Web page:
Alas, my reputation was spared. Hanging in the back of my old room's closet was a satin strapless BCBGMaxAzria dress. Tags on. Never been worn. A beautiful sight for the sorest of eyes and the weariest of hearts. 

My dear, dear sister had been hoarding a collection of dresses the past year in anticipation of the flurry of events this spring, her final semester of high school. Apparently, she had one too many – a most happy accident.

Thursday, March 21, 2013

Diet Coke and Fashion



When I think of Diet Coke and fashion at the same time, which I often do not, the first commonality that comes to mind is, unsurprisingly, dieting. Conceivably an entirely different taste than its full-calorie counterpart, Coca-Cola, if Diet Coke is your preferred drink, you can essentially have your cake and eat it too. All of the love, all of the flavor, without the calories. 

Reportedly, Karl Lagerfeld drinks nothing but the beverage, a habit I can't seem to wrap my head around.


Collaborations among fashion houses and accessible brands seem to debut every other week: Prabal Gurung for Target, Karl Lagerfeld for Fossil, Maison Martin Margiela for H&M, Kate Spade for Keds. Although collaboration lines are arguably much more affordable in comparison to their namesake house, some pieces still too heavily bear the costly weight of the designer's name. 

Enter Diet Coke. The company has routinely selected "celebrity" designer creative directors who sign on temporarily to design cans or bottles to the tune of their characteristic style. Big hitters like Karl Lagerfeld, Jean Paul Gaultier, Diane Von Furstenberg and most recently Marc Jacobs have all applied their signature designs to the already iconic can.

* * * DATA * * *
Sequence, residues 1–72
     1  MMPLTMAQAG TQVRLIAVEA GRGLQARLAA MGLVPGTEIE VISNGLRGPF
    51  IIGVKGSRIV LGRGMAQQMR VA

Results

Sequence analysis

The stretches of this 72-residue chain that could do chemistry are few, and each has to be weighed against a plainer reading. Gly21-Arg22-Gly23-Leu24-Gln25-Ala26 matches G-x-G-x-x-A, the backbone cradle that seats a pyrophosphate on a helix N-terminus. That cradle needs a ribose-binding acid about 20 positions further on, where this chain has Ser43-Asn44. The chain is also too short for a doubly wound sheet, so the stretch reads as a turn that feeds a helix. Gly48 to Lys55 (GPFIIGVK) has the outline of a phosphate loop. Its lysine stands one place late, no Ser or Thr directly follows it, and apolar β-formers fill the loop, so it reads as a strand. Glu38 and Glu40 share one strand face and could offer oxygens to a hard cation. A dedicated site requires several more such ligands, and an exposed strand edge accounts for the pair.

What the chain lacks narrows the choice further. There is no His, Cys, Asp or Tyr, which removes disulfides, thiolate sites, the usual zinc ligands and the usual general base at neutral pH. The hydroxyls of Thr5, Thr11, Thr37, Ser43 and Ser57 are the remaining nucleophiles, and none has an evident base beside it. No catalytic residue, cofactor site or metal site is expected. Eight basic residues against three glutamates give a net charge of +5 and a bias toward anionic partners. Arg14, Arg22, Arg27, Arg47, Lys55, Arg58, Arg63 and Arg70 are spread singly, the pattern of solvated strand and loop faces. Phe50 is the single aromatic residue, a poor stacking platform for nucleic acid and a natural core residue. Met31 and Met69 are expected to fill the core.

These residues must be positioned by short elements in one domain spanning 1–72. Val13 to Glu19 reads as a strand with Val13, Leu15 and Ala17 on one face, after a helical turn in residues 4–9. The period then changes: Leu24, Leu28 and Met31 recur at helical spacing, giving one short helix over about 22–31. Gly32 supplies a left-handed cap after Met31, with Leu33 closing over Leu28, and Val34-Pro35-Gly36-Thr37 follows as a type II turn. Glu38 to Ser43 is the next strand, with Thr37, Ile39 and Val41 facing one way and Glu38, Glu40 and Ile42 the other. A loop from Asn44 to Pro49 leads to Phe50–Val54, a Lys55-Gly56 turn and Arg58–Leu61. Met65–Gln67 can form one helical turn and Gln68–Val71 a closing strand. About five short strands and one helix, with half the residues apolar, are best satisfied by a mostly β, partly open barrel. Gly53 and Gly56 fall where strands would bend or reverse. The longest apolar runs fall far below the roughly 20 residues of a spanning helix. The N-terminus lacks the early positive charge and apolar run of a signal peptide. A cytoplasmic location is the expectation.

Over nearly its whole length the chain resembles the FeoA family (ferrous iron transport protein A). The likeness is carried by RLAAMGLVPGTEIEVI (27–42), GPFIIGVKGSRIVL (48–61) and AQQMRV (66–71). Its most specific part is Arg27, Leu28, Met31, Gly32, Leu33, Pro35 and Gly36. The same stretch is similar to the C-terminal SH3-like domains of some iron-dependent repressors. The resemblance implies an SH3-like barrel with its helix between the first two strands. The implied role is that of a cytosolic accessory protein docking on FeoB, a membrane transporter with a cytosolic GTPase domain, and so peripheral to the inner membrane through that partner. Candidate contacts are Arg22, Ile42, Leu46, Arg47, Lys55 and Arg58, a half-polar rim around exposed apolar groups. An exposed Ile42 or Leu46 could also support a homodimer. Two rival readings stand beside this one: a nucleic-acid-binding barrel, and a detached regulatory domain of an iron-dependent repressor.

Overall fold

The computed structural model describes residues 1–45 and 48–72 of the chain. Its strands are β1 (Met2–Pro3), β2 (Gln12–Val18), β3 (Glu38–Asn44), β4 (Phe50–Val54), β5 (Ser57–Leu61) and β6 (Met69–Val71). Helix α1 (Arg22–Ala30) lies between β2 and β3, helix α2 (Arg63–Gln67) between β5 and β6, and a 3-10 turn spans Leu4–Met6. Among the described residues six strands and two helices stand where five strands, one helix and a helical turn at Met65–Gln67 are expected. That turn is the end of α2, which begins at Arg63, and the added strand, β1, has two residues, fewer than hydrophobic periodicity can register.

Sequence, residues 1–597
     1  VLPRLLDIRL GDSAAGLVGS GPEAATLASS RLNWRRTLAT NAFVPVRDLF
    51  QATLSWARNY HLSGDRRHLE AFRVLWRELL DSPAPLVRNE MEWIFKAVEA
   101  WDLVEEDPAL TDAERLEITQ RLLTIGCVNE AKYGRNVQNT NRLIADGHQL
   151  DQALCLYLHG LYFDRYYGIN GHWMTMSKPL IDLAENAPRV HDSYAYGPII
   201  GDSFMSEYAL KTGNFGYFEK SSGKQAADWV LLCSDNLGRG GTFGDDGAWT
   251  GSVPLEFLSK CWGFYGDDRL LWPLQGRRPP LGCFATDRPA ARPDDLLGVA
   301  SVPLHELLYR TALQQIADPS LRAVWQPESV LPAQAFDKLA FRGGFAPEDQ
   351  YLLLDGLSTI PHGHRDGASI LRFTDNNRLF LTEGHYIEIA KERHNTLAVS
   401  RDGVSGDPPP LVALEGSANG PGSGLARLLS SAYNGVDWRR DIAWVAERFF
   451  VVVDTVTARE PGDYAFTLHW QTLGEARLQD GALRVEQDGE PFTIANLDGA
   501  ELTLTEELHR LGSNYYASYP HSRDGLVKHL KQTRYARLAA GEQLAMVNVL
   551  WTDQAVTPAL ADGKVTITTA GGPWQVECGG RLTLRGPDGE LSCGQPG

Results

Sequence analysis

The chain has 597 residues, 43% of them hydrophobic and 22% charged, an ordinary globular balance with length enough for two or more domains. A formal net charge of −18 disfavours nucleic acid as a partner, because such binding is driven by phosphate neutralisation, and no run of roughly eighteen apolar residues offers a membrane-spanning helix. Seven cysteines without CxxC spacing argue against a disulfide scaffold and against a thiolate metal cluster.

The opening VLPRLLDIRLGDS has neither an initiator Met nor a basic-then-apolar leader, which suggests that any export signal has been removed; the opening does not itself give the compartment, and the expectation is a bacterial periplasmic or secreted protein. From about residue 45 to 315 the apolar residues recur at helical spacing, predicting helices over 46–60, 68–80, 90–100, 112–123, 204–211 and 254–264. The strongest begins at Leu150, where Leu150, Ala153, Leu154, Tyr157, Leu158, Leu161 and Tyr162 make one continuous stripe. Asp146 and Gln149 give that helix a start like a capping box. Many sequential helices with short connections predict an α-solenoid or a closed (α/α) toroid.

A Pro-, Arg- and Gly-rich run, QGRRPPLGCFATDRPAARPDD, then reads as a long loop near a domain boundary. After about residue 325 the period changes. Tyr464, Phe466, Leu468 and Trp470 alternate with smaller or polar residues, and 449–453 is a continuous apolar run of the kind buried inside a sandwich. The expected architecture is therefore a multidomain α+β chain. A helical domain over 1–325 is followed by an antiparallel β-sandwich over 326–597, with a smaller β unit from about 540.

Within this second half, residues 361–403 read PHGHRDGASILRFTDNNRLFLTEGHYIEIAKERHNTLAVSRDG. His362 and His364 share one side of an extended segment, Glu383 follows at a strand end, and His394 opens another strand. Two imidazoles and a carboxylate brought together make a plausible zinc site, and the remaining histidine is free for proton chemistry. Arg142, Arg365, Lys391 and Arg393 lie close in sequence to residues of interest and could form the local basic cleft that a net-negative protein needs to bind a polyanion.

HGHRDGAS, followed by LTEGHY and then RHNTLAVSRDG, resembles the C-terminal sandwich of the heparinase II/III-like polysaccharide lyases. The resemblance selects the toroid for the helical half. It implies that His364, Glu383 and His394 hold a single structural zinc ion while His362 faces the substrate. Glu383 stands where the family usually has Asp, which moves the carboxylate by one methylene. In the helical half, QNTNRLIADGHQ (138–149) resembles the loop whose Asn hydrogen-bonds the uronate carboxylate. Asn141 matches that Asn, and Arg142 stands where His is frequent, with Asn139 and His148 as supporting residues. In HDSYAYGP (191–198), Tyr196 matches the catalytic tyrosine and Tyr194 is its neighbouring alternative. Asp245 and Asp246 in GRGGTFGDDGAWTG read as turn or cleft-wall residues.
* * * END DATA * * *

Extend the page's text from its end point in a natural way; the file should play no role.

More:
But what's the point of having a Diet Coke can with some high-end designer's latest interpretation on it? 

Rob Bayne, senior brand manager for Diet Coke in North West Europe and Nordics, answers with, "Fashion is a top interest of our fans so we started designer collaborations to create something new and exciting to our drinkers."

Yes, high-low designer collaborations are a fad, but a good one. People love their designer goods, no matter if they're from Bergdorf Goodman or H&M. Aside from the Neiman Marcus for Target collection earlier this winter (in which most merchandise ended up at 75 percent off), every collaboration with Target has been a success. 

It's ultimately about combining novelty with accessibility. Think about designer perfumes. A 1.6-ounce bottle of Dolce & Gabbana's Light Blue is $69, a price that is downright affordable when comparing to their $1,025 cotton-blend lace T-shirt. The Diet Coke collaborations are similar, yet on a much less expensive and more quickly consumed level. 

Where will fashion exert its influence next?





Photo sources: top, Marc Jacobs for Diet Coke campaign; middle, Karl Lagerfeld for Diet Coke launch; bottom: Jean Paul Gaultier for Diet Coke bottles, Karl Lagerfeld for Diet Coke bottles, Diane von Furstenberg for Diet Coke bottles, Marc Jacobs for Diet Coke cans